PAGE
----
Kallaugher is past President of the Association of American Editorial Cartoonists and Cartoons Rights Network, an international human rights organization dedicate to the plight of cartoonists at risk.


Kallaugher published a collection of his Economist drawings entitled Drawn from The Economist (1988) and four collections of his Baltimore Sun cartoons entitled KALtoons (1992), KAL Draws a Crowd (1996), KAL Draws the Line (2000) and KAL Draws Criticism (2006). A new collection, Daggers Drawn: 35 Years of KAL Cartoons in The Economist, was published in 2013.

In February 2010 KAL launched his first iPhone app, based on his most recent cartoon collection KAL Draws Criticism, with an additional bonus section.


As part of his senior thesis at Harvard, Kallaugher completed a 13-minute animated film "In The Days of Disgustus" which featured characters from his weekly cartoon strip by the same name that ran in The Harvard Crimson. In 1986, Kallaugher worked with the animator Richard Williams to produce "No Bias", an award-winning 30 second television commercial for the Today newspaper in Great Britain. In 2004 Kallaugher teamed up with animator Gary Leib at Twinkle studio to create flash animation video for ABC's Nightline and CNN's Lou Dobbs Tonight.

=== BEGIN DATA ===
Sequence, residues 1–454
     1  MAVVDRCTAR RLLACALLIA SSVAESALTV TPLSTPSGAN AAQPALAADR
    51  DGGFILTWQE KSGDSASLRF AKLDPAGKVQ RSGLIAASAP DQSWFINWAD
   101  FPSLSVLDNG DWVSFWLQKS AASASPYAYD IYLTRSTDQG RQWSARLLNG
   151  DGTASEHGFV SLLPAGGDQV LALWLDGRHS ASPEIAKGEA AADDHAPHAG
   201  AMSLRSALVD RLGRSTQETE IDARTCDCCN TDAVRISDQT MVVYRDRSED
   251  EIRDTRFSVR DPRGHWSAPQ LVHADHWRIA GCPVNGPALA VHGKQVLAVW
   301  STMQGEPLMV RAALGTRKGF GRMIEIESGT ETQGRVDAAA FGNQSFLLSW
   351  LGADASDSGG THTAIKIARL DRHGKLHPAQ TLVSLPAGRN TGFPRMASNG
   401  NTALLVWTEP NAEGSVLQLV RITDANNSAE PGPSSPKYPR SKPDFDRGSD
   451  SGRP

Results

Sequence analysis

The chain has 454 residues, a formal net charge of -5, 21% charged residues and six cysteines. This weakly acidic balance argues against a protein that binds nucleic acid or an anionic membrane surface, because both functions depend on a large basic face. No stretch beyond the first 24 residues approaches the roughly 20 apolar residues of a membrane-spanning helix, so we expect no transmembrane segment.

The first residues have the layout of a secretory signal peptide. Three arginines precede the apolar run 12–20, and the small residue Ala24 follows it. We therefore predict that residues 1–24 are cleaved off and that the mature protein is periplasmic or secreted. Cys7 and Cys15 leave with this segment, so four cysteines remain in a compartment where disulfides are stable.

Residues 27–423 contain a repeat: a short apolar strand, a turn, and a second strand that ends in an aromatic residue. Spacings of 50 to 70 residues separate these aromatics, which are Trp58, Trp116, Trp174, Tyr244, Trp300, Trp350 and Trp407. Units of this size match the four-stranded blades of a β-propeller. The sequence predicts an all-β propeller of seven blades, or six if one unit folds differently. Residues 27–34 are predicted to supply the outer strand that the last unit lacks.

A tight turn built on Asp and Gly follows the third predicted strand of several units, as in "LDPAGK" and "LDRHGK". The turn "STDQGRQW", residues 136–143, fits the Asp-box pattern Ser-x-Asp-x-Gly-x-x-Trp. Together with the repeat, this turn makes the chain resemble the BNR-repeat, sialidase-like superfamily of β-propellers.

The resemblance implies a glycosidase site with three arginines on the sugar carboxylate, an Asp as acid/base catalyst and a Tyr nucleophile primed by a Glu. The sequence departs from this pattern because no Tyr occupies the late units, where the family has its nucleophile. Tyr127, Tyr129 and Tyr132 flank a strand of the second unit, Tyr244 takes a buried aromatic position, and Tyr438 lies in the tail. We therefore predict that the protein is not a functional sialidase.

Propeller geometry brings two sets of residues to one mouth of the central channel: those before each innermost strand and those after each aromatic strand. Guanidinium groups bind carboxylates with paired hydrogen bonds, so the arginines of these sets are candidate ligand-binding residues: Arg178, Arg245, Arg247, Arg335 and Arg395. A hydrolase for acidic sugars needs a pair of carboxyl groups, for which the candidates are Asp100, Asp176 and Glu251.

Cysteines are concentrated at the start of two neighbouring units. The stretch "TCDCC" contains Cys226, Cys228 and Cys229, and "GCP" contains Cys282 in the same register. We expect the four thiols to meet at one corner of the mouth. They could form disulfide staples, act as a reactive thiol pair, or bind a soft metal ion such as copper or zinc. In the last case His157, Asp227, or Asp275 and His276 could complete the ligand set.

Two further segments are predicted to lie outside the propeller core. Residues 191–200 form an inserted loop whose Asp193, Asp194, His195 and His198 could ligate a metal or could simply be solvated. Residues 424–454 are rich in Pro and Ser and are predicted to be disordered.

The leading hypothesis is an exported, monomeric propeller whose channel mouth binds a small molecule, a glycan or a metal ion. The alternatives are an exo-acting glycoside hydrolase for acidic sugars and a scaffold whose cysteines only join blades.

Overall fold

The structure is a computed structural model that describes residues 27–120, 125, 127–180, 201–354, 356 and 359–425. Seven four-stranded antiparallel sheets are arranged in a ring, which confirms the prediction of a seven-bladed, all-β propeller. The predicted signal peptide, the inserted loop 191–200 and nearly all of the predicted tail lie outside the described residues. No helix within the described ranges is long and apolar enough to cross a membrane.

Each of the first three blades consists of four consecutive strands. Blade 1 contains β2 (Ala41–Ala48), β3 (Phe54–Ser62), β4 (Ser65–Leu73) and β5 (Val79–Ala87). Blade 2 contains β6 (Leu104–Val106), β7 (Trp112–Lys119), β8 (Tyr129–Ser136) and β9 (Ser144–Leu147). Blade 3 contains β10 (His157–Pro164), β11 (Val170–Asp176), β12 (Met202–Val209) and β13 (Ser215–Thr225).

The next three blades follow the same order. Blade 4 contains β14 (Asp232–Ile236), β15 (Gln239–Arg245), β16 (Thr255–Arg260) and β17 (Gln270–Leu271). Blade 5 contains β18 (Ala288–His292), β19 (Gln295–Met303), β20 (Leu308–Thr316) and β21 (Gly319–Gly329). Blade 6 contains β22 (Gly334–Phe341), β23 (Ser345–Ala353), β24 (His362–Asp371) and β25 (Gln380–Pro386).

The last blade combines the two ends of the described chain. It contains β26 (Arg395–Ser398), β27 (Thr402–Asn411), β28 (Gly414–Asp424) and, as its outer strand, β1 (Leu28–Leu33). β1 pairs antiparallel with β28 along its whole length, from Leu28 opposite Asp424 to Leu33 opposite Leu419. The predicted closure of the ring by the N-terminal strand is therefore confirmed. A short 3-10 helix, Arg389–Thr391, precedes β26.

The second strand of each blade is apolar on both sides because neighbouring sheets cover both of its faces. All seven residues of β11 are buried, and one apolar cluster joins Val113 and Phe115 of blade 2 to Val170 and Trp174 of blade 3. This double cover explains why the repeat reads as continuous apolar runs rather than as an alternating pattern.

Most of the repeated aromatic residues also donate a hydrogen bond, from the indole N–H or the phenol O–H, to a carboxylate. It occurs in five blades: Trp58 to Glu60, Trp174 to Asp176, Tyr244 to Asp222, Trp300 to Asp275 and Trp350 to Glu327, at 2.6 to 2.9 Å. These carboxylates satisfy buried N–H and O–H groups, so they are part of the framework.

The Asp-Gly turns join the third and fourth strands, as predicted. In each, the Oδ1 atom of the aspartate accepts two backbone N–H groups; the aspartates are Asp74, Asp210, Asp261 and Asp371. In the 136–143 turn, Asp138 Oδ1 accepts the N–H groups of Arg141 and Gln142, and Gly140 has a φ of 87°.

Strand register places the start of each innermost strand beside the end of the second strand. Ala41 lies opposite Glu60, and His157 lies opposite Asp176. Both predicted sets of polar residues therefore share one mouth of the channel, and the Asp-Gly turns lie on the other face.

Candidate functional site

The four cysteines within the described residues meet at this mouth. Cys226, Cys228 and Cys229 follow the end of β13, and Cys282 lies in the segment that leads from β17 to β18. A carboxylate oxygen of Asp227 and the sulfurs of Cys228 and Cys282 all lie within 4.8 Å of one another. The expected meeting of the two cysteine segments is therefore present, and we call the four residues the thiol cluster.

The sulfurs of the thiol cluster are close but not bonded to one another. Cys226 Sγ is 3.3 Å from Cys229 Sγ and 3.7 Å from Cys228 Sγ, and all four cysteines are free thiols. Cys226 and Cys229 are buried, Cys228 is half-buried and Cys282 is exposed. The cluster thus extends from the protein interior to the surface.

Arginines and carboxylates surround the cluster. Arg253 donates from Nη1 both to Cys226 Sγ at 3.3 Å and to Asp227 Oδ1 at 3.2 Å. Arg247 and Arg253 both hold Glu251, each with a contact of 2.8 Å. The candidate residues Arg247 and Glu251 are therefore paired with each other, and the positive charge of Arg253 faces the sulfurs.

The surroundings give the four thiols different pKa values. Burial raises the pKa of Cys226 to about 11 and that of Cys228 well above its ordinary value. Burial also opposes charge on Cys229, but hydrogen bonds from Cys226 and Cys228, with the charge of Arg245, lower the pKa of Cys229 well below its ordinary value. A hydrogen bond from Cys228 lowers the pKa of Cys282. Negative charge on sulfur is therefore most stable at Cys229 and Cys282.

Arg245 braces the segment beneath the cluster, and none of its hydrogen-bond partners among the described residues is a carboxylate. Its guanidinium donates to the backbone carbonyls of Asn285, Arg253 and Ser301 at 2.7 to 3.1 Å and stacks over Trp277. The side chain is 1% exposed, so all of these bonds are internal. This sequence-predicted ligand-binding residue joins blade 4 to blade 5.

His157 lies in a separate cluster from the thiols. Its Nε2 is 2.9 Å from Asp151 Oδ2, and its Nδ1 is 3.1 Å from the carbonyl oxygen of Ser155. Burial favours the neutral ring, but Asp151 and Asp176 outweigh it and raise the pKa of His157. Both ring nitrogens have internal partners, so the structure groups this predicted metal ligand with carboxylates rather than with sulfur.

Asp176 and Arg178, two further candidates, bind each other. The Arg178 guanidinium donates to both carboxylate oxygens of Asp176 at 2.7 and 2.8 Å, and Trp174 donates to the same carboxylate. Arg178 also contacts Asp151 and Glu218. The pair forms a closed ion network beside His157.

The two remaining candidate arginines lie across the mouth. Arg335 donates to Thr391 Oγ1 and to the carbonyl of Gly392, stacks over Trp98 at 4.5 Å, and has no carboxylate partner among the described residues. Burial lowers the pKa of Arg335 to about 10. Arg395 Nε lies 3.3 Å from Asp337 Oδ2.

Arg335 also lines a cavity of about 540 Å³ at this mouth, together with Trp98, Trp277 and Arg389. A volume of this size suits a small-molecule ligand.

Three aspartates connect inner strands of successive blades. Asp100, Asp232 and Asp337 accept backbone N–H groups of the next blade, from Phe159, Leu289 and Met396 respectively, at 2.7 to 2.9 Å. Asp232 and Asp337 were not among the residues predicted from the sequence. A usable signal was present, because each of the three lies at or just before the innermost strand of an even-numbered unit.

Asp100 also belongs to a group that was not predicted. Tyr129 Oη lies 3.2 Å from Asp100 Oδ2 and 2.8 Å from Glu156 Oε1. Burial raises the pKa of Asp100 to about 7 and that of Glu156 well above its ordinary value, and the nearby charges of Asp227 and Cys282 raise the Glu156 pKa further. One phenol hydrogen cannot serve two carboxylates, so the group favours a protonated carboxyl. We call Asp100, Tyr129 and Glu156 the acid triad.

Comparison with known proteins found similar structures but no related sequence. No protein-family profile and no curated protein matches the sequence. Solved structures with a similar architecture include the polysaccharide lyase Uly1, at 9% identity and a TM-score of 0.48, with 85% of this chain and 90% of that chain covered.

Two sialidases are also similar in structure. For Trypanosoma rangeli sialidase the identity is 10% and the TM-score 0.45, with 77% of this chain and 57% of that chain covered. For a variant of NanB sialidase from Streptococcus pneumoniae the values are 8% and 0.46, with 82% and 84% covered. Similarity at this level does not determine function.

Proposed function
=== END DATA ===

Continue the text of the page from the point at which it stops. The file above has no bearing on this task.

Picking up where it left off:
In 2006, Kallaugher was named Artist-in-Residence at the Imaging Research Center at the University of Maryland, Baltimore County. With the IRC, Kallaugher has pioneered the development of 3D digital caricatures that can be animated in Real-time. His first character, The Digital Dubya, made its world premier at a live press conference at the Walters Art Museum in June 2006. The World Wide Web premier of his digital animation was in March 2007 when The Economist commissioned a web video to coincide with the launch of a gallery of KAL's cartoons on the magazine's website.

Kallaugher launched a Maryland-based animation company, Kaltoons LLC, in 2007. Kaltoons first video, Dancin' Dubya was released online in August 2007.


  1. ^ "KAL is back – The Baltimore Sun". The Baltimore Sun. 2012. Retrieved 4 June 2017.

External links[edit]

Media related to Kevin Kallaugher at Wikimedia Commons